Putting the pieces together... In the first part of this series on the California Mechanics Lien, we defined some legal terms that are important to know if you want to understand the California Mechanics Lien Process. In this, part 2, the concept and requirements for a mechanics lien in California, are the topic.
What is a California Mechanics Lien?
The Mechanic's Lien is a NOTICE of a charge, hold, claim, or encumbrance upon property. The term implies the right which California law gives to have a debt satisfied out of the property. The California State Constitution provides Mechanic's Lien law to help assure that a mechanic gets paid for labor and/or materials supplied to erect, repair or otherwise improve the property of another. A mechanic, for contractors purposes, is anyone (individual, company or corporation), other than the property owner themselves, who supplies materials or who furnishes labor to improve real property.
A mechanics lien is recorded with the county recorder and is public information. Anyone who does a property title search at the county recorders office will "see" the mechanic's lien. The mechanic's lien gives notice to any interested party that the lien claimant (the person or company that claims the mechanic's lien) has reserved right to pursue a lawsuit to have their debt satisfied "out of the property."
Mechanic's liens are valid even after the property is sold so most potential buyers of the property would insist that the property be "free and clear" before making a purchase. Also, lenders will not want to lend money on any property that has a mechanic's lien against it since the lien claimant would have a higher "priority" position on the property title than the lender. Having a higher "priority" determines who gets paid first, next, and so on. The lien claimant might win a judgement and foreclose on the property to get paid out of the proceeds. Depending on the situation, this could mean the proceeds from a foreclosure might not be enough to pay the lien claimant AND the lender in which case the lower priority lender would lose out!
When a mechanic's lien is "perfected", the lien claimant has taken his case to court and received a judgment. The lien claimant then has the right to foreclose on the property and to use the proceeds to satisfy the judgment... taking into account that "others" with a higher position on the property title, like the first or second mortgage holders (if any), must be paid first.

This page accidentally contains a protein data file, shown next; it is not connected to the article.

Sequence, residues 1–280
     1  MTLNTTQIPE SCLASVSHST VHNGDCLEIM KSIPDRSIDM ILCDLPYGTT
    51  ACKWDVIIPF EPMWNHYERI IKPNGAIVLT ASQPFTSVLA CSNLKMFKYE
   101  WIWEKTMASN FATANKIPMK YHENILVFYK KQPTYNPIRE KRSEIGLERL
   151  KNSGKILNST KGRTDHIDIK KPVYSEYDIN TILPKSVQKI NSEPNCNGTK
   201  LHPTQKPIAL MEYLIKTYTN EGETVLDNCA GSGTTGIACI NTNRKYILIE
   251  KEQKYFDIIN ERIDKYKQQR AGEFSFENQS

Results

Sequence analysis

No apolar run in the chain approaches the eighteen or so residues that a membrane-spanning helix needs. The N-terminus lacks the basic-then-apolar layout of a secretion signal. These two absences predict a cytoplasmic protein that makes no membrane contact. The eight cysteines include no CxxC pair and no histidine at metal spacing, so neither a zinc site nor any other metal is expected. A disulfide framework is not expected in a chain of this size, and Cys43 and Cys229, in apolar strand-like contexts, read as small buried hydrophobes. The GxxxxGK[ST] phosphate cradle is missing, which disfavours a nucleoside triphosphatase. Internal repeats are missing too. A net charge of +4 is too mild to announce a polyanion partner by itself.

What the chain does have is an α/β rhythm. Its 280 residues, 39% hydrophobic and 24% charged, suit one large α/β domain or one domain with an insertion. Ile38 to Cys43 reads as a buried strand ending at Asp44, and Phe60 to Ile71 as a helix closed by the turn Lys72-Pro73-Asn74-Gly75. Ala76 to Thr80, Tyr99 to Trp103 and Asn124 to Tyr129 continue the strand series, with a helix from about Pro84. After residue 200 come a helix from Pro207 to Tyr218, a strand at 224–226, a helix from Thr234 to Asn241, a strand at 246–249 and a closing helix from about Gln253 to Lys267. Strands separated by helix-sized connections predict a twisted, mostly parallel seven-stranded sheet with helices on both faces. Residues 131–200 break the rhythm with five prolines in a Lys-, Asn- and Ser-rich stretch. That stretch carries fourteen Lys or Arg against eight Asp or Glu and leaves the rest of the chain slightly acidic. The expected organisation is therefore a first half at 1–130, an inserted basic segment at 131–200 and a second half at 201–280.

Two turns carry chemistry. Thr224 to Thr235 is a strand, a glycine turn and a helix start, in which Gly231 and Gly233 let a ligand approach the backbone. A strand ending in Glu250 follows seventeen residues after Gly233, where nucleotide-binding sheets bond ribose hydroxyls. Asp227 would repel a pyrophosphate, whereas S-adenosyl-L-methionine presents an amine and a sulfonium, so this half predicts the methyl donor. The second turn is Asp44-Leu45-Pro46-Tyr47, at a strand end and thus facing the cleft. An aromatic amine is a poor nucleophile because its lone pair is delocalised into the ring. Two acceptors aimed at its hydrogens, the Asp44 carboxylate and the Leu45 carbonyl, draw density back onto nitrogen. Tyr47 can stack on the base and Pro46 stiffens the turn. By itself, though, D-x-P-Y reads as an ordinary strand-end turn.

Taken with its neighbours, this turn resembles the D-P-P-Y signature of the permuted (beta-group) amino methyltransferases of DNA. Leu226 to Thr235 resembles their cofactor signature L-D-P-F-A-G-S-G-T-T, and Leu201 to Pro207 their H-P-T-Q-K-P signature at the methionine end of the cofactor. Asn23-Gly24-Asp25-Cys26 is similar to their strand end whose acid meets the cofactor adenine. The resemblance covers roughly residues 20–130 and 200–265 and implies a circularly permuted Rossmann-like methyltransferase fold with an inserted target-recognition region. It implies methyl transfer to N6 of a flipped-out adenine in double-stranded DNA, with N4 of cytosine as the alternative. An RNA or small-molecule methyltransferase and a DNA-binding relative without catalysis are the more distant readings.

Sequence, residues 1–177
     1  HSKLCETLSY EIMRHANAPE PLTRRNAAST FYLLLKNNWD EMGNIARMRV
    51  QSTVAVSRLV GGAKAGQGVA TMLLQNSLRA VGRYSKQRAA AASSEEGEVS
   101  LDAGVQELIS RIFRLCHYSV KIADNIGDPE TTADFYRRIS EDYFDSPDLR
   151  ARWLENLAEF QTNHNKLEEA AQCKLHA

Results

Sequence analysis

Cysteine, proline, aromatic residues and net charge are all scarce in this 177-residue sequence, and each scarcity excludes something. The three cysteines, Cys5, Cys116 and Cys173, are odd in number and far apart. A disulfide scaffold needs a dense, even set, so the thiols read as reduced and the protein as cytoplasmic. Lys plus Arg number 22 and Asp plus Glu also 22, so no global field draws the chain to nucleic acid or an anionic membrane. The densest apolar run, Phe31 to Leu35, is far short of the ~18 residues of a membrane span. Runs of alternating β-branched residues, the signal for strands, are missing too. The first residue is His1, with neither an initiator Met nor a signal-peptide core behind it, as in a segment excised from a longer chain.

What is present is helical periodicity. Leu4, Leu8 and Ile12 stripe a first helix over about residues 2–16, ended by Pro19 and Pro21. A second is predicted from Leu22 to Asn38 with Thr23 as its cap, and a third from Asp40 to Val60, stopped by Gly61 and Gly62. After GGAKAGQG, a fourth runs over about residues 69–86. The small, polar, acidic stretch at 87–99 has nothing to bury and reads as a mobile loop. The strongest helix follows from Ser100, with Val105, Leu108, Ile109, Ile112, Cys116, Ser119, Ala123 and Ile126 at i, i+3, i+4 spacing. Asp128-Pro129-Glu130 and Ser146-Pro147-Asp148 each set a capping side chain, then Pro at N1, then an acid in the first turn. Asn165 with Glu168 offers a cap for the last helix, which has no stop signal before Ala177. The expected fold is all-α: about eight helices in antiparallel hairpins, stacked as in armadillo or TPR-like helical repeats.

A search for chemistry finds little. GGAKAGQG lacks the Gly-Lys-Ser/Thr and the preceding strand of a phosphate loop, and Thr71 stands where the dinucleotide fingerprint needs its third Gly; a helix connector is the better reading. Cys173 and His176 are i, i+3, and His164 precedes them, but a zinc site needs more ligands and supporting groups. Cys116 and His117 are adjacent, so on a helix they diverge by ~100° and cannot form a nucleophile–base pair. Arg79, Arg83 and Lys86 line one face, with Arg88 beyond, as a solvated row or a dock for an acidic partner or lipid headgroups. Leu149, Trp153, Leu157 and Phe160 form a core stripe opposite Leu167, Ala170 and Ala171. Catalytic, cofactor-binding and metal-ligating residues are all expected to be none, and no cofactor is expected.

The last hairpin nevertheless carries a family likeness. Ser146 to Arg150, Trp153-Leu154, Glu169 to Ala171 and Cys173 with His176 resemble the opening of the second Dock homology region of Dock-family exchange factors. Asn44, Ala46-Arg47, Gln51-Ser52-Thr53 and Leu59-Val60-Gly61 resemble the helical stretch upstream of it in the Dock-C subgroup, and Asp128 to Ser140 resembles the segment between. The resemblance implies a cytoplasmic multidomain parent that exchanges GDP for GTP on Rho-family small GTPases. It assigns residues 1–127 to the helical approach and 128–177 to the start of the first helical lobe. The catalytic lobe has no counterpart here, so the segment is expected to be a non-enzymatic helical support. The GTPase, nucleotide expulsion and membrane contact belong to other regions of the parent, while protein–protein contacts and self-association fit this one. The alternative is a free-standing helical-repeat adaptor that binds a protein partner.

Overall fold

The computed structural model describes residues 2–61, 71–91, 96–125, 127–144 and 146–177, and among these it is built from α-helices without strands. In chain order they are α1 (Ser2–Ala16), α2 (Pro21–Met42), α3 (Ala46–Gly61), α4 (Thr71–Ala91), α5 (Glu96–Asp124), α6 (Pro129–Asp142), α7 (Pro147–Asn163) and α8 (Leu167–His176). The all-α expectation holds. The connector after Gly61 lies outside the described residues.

Realistically, mechanic's lien judgements rarely result in foreclosure. The judgement creditor is usually very enthusiastic about paying the judgement long before it goes that far.
Note: Mechanic's Lien Law varies significantly between projects on private property & projects on public works. The information contained in this document refers to labor & materials supplied on privately owned projects.
Requirements you MUST meet BEFORE you can place or File a California Mechanics Lien.
You must be a California Licensed Contractor with a license that was current and in good standing during the period starting when the contract was signed through when the labor or materials were furnished. California DOES NOT allow an illegally operating, un-licensed contractor to lien! If your license has expired because you forgot to pay your renewal fees, before California Law, you are un-licensed and have no lien rights!
You must have a valid contract that is both legal and enforceable between you and the property owner. This is critical. Your contract form must comply with ALL laws in effect at the time it was signed (like these California Construction Forms)! Be extremely careful with whom you purchase your contract forms. Be extremely careful that all required notices are given. Make sure you have complied with ALL the requirements of the consumers right to cancel any home improvement contract. A mistake here can cost you ALL THE MONEY rightfully due you!
You must have actually furnished labor or materials to erect, repair or otherwise improve the owner's property. You cannot file a lien for intangibles such as "lost profit." You can only lien for the value of ACTUAL furnished labor or materials at the time the job was completed or work ceased.
Unless you have a direct contractual relationship with the property owner, you must timely give notice to the property owner of your right to lien by providing the owner with a proper, statutory California Preliminary Notice (aka 20-Day notice, CPN, Pre-Lien, Preliminary Notice).
You must follow and comply with the timeline set forth in California Law. This is the real key to the entire process. Timing is everything! If you miss any single deadline, your lien rights will be lost or at least greatly impaired!